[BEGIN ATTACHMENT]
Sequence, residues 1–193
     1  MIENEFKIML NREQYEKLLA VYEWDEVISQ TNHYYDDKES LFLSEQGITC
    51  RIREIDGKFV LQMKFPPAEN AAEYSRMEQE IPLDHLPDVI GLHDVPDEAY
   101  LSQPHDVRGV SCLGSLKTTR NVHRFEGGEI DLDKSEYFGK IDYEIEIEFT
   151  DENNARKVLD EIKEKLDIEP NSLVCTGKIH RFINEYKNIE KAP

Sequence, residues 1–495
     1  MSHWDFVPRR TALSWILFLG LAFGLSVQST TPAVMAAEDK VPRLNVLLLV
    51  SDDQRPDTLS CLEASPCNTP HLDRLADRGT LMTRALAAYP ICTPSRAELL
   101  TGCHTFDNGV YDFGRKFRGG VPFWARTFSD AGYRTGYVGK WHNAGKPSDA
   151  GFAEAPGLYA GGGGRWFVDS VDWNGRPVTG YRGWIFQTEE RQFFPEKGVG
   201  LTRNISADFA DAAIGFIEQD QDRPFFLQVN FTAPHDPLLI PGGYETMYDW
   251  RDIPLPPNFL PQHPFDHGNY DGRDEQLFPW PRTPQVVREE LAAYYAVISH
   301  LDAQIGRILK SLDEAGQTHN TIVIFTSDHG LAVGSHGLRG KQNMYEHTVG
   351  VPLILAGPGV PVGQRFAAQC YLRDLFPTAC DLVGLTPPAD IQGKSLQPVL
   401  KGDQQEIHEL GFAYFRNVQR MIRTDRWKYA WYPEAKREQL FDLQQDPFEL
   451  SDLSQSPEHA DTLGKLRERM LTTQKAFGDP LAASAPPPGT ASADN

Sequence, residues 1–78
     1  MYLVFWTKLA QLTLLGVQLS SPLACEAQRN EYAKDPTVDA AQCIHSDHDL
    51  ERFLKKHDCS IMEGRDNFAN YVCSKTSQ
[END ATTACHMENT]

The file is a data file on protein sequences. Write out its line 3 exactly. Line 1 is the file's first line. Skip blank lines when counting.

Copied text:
    51  RIREIDGKFV LQMKFPPAEN AAEYSRMEQE IPLDHLPDVI GLHDVPDEAY